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Scrapbook #3: Mid-winter trip.

My parents moved to Canada in the seventies as part of a big wave of immigrants that decided to establish new lives in a different, welcoming country. They met and married in Toronto, had me, and remained. My father came from Greece, and I’ve been fortunate to visit the country often (and once for a long time). My mother, on the other hand, is from the Philippines, where I’ve never been. My mother hadn’t gone back in over 15 years herself, and last spring when she started talking about taking a trip I knew I had to go with her. I wanted to see the country where she grew up; I wanted to meet the other half of my family.

A trip to the Philippines is harder to coordinate than one to Greece, but we eventually got our schedules sorted out, and on Christmas Day I booked myself a ticket for a 20+ hour journey from Montreal to Vancouver and then Vancouver to Manila. I was excited, but this excitement promptly got swallowed up by day to day life. I worked a lot. I tried to write. We had houseguests and did typical Montreal things involving poutine and skating.


And now the trip is around the corner: I leave on Saturday. I arrive in Manila on Monday morning, where I’ll meet my mother, who has been there for a week and a half already. The weather will be very different from the snow and cold here in Canada, and I’m looking forward to this unexpected winter break. But other than the temperature shift, I have no idea what to expect. Either way, I’ll be arming myself with a camera, a notebook and my laptop. The trip is relatively short for such a long distance (two weeks), but I have a feeling it will be the kind that inspires many words, photos, feelings.

I’ll keep you posted. See you in a few weeks.

Scrapbook #2: Time


Too many consecutive late nights at the office over the past two weeks has made me preoccupied with time. Namely, not having time to write. How did people do it, I wondered: work and write? It was too hard to do it all! It wasn’t just hard; it was impossible.

(I know, cue tiny violins.)

A good night’s rest and a Saturday afternoon doing lovely weekend-y things has given me perspective. I’ve always done the working and writing thing; it’s something I can do. It’s just a matter of getting back into the habit again. Which means: back to Sundays at the kitchen table, back to printing pages out and reading them over at the foodcourt at lunch, back to typing on my laptop in bed on weekday nights, even just a little bit. Back to remembering that writing isn’t such a precious, precarious activity. Write like a motherfucker.

And I’ve found time to enjoy other things these days. Loudon Wainwright III’s Album I, the first season of Downton Abbey, Shame, Patrick DeWitt’s The Sisters Brothers. Today I saw photos from Taryn Simon’s series, An American Index of the Hidden and Unfamiliar. It’s so great: “an inventory of what lies hidden and out-of-view within the borders of the United States” and includes portraits of inbred tigers, a braile version of Playboy, sunken nuclear waste and more. (If you don’t trust my opinion, maybe Salman Rushdie will convince you?) If you live in Montreal, you can see these photos for free at the DHC.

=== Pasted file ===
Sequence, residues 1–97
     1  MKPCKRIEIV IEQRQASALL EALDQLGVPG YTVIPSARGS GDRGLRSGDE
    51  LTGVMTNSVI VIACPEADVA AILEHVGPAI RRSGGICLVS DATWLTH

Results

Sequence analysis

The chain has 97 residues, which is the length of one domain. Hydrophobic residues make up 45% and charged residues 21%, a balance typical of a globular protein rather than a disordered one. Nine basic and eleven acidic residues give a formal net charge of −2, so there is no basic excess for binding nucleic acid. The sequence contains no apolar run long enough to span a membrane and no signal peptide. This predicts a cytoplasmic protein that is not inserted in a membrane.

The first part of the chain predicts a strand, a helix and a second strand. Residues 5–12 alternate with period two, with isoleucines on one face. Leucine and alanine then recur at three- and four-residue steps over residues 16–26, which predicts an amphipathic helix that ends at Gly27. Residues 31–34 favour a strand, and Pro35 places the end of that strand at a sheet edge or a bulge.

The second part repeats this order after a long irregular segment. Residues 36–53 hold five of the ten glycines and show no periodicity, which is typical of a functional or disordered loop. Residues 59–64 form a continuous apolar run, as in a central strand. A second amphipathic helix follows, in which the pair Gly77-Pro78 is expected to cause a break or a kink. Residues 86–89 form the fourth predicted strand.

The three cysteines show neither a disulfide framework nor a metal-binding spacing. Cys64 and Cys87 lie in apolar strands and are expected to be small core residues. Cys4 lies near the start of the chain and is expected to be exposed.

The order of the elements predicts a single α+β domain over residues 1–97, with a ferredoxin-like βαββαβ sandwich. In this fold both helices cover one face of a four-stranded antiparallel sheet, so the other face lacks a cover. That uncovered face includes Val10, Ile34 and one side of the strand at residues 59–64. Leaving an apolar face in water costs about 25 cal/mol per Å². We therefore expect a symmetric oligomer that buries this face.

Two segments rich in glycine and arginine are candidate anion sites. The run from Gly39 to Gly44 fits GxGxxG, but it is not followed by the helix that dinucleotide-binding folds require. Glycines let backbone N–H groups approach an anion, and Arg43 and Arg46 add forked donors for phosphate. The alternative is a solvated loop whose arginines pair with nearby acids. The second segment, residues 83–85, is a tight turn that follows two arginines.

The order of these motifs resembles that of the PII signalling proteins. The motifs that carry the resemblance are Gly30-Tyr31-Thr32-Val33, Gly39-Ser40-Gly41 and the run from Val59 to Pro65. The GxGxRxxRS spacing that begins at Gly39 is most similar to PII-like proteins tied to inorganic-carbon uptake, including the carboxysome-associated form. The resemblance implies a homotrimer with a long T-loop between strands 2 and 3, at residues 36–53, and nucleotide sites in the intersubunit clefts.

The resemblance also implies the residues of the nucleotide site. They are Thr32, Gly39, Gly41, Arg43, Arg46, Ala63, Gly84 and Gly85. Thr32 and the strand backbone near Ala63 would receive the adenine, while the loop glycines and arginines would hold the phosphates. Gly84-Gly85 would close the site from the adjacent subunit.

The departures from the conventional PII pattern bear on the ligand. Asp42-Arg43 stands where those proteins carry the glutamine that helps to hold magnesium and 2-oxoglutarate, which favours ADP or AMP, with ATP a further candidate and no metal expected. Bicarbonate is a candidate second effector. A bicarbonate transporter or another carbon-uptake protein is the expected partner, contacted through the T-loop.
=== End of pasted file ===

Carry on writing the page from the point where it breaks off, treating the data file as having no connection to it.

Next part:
So there is time. It’s just a matter of organizing it.

Scrapbook #1: Marginalia.

I’m a sucker for marginalia, notes, scraps. I like reading acknowledgements, bibliographies, lists. I’ve always enjoyed the Culture Diary series at The Paris Review where writers chronicle various things consumed over a specific time frame. I try to keep records of this stuff myself because it’s helpful when I’m writing and in need of examples of whatever mood I want to conjure, but also because it’s a way to remember my own days – a diary by association. Then I realized I was kind of doing that with these scrapbook entries. So here’s to another year of them. In Jeanette Winterson’s memoir, Why Be Happy When You Could Be Normal?, she says, I have noticed that doing the sensible thing is only a good idea when the decision is quite small. For the life-changing things, you must risk it. Good advice, Winterson. I’ll remind myself of this in 2012.


The first book I read in 2012 was I Married You For Happiness by Lily Tuck, over the course of New Year’s Day, and it was beautiful and sad. On New Year’s Eve we watched Hannah and her Sisters and also fireworks, which were across the city but the biggest, flashiest explosions could be seen from our balcony.


A set of 6 plates bought for $18 from an antique store in Burlington, Vermont, just the right size, with perfect scalloped edges and a pretty green design.

Went to the Musee d’Art Contemporain de Montreal to see the Quebec Triennial and was reminded of how modern art can make me cranky, bored, snarky and ecstatic within a short period of time. It’s exhausting. My favourite exhibit was called LOVELAND by Charles Stankievech, a video of a giant purple cloud of smoke in a big white room.

As of this afternoon: 3,519 draftiest of first drafty words of a new novel.